Issues: Angle often cites the U.S. Constitution in laying out her positions on limiting taxes and protecting people's rights to property, guns and life, for example, a stance that marries up with members of the Tea Party movement who believe the founding document calls for a small federal government.
Media: The Angle campaign has started gathering footage for a TV ad but so far has done only one radio spot, relying little on paid media so far to get her message out.
Money: It's tight. She had only about $146,000 cash on hand at the end of last year after raising a healthy $584,909 in the last three months of 2009, so every penny will count in her campaign.
Path to Victory: Keep her head down campaigning on a grass-roots level, do as many events in Clark County as possible and hope that the current leaders Lowden and Tarkanian split the vote while other candidates skim off more, clearing the way for Angle to eke out a nonmajority victory.
"A crowded primary is a place where someone like Angle is very well positioned. She's got the conservative bona fides," Damore said. "Angle should be the one who Lowden is afraid of."
Quote: "Don't read my lips, just read my record and you will learn that I am a solid consistent conservative."
Strengths: A first-time candidate, he's a true outsider in a year when voters nationwide are looking for someone fresh, although he's been involved in GOP fundraising circles in New York and on the East Coast, which gives him an in with top-money types who could help fund his campaign.
The former banker also knows his way around a financial spreadsheet and may be the most qualified to help Nevada and the nation recover from the economic recession.
Weaknesses: He hasn't lived in Nevada for two decades and hasn't decided whether to have his children live and go to school in the state if he wins, saying he wants his family around him as much as possible.
Issues: He has written and posted on his Web site the most in-depth issue papers, including his ideas on reducing dependence on importing fossil fuels, housing and financial recovery, expanding Nevada's economy beyond gaming and tourism and market-based health care reform.
"Most of the candidates in this race are conservative, and all have access to the standard national talking points on issues, but those who can step outside the comfort zone of talking points and delve into complicated issues are much harder to find," said Ryan Erwin, his campaign manager.
Media: He waited until late March, but came out with a heavy media blitz: two TV commercials airing statewide and radio ads focused on introducing him as a man with deep rural Nevada roots and as an experienced businessman. The initial buy of up to $200,000 launches what's expected to be a heavy campaign since he is barely a blip on Nevadans' radar two months before early voting starts May 22.
Money: Lots of it. The multimillionaire made headlines by lending himself $1.3 million, boosting his last quarter 2009 fundraising to a total of $1.9 million. He began 2010 with nearly $1.7 million in cash on hand, and he's still got roughly $1.25 million in the bank as of March 31.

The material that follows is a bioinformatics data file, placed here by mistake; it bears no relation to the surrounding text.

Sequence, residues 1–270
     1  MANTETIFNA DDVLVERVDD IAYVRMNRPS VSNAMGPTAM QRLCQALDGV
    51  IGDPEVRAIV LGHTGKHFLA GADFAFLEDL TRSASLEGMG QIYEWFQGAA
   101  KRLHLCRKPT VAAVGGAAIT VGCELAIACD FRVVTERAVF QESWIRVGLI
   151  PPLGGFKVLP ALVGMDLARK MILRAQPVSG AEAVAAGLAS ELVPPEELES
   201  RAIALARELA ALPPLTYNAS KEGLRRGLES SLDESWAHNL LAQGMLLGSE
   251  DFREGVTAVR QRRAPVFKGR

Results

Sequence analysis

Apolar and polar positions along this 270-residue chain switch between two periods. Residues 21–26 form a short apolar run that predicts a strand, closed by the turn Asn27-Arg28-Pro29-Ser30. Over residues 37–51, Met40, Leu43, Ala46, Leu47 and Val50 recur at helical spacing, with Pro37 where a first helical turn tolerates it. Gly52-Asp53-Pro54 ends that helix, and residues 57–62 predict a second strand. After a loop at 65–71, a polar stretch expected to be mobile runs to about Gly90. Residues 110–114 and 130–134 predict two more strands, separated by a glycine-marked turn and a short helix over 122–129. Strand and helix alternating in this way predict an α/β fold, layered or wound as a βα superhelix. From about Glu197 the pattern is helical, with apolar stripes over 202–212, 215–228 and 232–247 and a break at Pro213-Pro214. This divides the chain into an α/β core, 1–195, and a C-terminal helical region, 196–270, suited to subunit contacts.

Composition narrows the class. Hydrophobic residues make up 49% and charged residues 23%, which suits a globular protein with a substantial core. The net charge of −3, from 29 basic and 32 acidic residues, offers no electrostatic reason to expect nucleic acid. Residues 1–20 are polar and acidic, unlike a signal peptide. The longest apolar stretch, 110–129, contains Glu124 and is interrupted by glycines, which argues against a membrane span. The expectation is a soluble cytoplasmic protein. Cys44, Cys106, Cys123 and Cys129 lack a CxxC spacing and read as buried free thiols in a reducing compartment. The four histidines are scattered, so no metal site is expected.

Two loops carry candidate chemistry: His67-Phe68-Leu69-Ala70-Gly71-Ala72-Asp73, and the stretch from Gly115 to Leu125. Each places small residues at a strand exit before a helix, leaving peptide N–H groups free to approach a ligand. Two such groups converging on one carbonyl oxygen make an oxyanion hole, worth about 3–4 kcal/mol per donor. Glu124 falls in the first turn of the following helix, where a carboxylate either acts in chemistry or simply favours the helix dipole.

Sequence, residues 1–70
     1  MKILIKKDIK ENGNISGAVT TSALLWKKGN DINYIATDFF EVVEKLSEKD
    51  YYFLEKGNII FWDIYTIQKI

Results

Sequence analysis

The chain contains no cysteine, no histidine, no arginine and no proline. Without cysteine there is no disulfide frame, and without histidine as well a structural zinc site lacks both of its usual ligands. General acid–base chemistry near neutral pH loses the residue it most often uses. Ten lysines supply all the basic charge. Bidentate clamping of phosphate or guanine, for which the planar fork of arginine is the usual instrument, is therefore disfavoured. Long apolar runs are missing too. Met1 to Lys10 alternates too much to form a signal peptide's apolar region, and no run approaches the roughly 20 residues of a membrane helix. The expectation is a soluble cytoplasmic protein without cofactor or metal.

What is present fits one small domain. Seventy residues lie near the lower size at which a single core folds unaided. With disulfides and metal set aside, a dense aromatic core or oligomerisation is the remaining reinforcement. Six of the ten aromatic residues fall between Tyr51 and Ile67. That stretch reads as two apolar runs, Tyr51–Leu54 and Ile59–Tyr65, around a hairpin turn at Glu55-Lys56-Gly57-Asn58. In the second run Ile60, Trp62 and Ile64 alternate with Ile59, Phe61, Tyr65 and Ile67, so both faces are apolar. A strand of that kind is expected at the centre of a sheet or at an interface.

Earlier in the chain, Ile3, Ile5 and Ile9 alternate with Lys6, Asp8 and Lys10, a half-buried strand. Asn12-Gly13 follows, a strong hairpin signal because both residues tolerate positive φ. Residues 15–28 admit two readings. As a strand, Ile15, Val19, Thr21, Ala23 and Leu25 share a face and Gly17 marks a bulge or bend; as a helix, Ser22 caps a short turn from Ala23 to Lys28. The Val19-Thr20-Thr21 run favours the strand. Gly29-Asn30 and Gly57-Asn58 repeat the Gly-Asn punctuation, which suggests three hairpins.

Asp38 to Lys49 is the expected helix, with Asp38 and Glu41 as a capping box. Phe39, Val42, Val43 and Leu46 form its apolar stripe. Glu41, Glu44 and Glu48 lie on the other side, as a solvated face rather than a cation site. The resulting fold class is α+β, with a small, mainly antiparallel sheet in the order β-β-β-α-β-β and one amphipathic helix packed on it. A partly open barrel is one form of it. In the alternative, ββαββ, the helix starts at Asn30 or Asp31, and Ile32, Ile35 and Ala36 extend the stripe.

Path to Victory: Hope voters start paying attention to what he's saying and pull a Scott Brown, the Republican Massachusetts U.S. Senate victor who recently came out of nowhere to stun the political world, giving every outsider candidate across the land a glimpse of the possible.
"It's a real uphill battle for him. He's at zero," a skeptical Damore said.
Quote: "The ugly truth is the Silver State has made an inadequate effort to diversify its economic base and we're now paying the price."
Strengths: The only sitting lawmaker in the race, Assemblyman Christensen has shown he knows how to campaign and win and has a perfect victory streak to date. Like Angle, he's got a strong conservative voting record against taxes and for cutting government spending.
Weaknesses: He jumped into the race late and will have trouble raising enough money to run a robust campaign. The small-business owner also has had past personal financial troubles.
Issues: A strict constitutionalist like Angle, he preaches a free-market economy that would eliminate taxes on capital gains, dividends and interest as well as the estate tax, an argument his GOP opponents make as well. He also touts the "sanctity of life" and marriage on his Web site.
Media: The campaign is still putting its ad plans together.
Money: Christensen, a Mormon, is expected to tap the in and out-of-state conservative church community for financial backing. Because he attended Brigham Young University, he knows the sons of former Massachusetts Gov. Mitt Romney, also a Mormon, who created the Free and Strong America PAC to help fund the campaigns of conservative candidates such as Christensen.
Path to Victory: Every vote will count, and Christensen points out he won nearly 40,000 in his vast district to win the general election. His brother, Cory, has run his previous campaigns and is considered an election strategy whiz, able to target voters with the right conservative message. Still, the odds appear to be against Christensen when the stronger alternative conservative Angle is on the ballot.
"He could get the Mormon vote, but that doesn't win you statewide elections,'' historian Rocha said.
Quote: "I believe in the greatness of the American people. If government gets out of the way, we will prosper again."
Contact Laura Myers at firstname.lastname@example.org or 702-387-2919.